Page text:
Nobody mistakes California for some mythical Library Land of fully staffed facilities with budgets that reach up to the clouds. In fact, Governor Jerry Brown’s proposed budget for the 2011-2012 fiscal year would eliminate all state funding to California library programs. Still, some library systems are somehow, someway continuing to upgrade – like San Francisco. 22 branches have been refurbished or opened in San Francisco through a Neighborhood Library Campaign that began over a decade ago on a budget that has grown to $188.9 million as of February of last year.


Hey, so, just wondering, why did the love of your life break up with you? Actually, it’s not just me who’s wondering. David Handler, also known as Lemony Snicket, would like to know as well. So if you could post your break up tale here, that would be great.

Budget cuts to municipal transportation agencies, trusting children to take their education seriously, the Occupy movement and protest songs, and local musicians Clangin' and Bangin'.

The sound of the Occupy movement, from Wall Street to the West Coast, has been captured in angry chants. But give a listen to protests of the past, and you’ll find musicians making themselves heard in many different ways. KALW’s Martina Castro spoke with Latin jazz percussionist John Santos about the role of music in social protest and the Occupy movement.

Rosa Say/Flickr Creative Commons

Last year, commuters of all kinds came to terms with one fact: getting somewhere, anywhere, is harder than it used to be. Here in the Bay Area, drivers faced higher gas prices and bridge tolls. AC Transit riders dealt with fewer bus lines and increased fares. San Francisco Muni riders faced changing routes as well. All in all, 2011 meant more cost, and oftentimes more waiting, for drivers and riders. And it might not get better this year.

Dan4th Nicholas

As with much conventional wisdom on crime and punishment, popular notions of what actually causes recidivism--people cycling repeatedly in and out of prison--don't hold up when you look at the statistics. California's latest report analyzing its notoriously high (currently 65 percent) recidivism rate contains an array of numerical nuggets that shed new light on the cycle of crime. A sampling:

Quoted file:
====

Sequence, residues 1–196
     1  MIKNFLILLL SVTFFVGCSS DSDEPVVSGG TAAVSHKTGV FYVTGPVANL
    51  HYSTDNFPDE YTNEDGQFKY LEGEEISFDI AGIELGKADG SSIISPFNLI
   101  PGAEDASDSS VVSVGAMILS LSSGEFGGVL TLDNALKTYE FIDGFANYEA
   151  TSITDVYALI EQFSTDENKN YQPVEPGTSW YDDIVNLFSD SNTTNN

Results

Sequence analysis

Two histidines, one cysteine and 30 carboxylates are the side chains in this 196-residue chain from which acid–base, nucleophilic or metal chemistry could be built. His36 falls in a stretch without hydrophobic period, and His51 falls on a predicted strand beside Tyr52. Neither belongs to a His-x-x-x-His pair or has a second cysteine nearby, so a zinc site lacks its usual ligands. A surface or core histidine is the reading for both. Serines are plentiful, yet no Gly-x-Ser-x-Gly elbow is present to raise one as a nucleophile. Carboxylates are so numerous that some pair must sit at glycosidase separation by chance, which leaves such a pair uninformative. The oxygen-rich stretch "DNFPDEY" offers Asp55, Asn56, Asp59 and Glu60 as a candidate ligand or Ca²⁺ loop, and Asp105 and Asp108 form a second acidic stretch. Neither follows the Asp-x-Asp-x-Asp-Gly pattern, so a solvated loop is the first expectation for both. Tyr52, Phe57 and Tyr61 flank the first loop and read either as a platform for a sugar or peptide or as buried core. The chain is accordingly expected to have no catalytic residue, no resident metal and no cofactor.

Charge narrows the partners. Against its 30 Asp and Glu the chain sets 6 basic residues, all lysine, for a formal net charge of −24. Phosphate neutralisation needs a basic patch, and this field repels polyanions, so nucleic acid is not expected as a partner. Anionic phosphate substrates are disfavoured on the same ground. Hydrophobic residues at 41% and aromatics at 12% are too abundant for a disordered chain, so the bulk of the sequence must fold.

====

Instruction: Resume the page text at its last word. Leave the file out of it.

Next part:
On a typical day at Brightworks, a private school in San Francisco’s Mission District, students are welding, listening to indie music, and writing novels. The school opened its doors last September with a simple goal: trust your kids more.

The total enrollment for Brightworks is 30 students. They range in age from six to 12 years old. Mackenzie Rose-Price is a teacher at Brightworks, but they don’t call her that at the school. Instead, she’s a “collaborator.”

I just received a press release with this subject heading:

News Advisory - Doomsday Clock - Major Announcement to be Made Tuesday by Bulletin of Atomic Scientists

That'll get your attention, won't it? So I read the email. Turns out after "year-long deliberations" a collection of scientists will determine whether or not the end of the world is more nigh than it was at the beginning of 2011.

Natural Gas Jazz Band

Jan 5, 2012

The Natural Gas Jazz Band will be playing traditional jazz at the 19 Broadway club in Fairfax on Sunday, January 8. Music starts about 4pm.

After a series of earthquakes near Youngstown, Ohio last week, some observers are pointing to an unusual culprit. Yesterday seismologist John Armbruster told NPR that he thinks the quakes were related to an oil and gas extraction process called fracking.

Fracking; the water pipes of San Francisco high schools; remembering Sanjiv Handa; and East Bay's The Secret Identities.

Joe Mud

Yesterday, officials from the California Department of Corrections and Rehabilitation travelled to Chowchilla in the Central Valley to talk to locals about the pending conversion of Valley State Prison for Women into a men’s facility. Chowchilla, the closest town to two of the state’s three women’s prisons, has resisted the conversion, worried about the impact of bringing in thousands of male prisoners.

Oakland City Hall. Flickr photo by mcjohnnyz.

In the last week of 2011, a man named Sanjiv Handa passed away. KALW’s Rina Palta tweeted, “Oakland City Council meetings will be a lot less interesting.” It was a sentiment shared by many people. Handa, who was 55, spoke at nearly every meeting of the Oakland city council for two decades. He went to subcommittee meetings, and commission meetings. He researched legislation, and he dogged city officials over every rule violation.

A peer review group is advising lawmakers to turn down billions of dollars in bond funding for California’s high speed rail project. The group, commissioned by Proposition 1A, is voicing a host of concerns, though they mainly question whether there will be adequate funding for the project in the future...

You Can Lead A Kid To Water

Jan 4, 2012
Brett Myers/Youth Radio

State and federal governments are implementing new policies requiring schools to provide free drinking water in cafeterias at lunchtime, to promote health and fight obesity. Ideally, schools install “hydration stations” where students fill up reusable bottles with chilled, filtered water.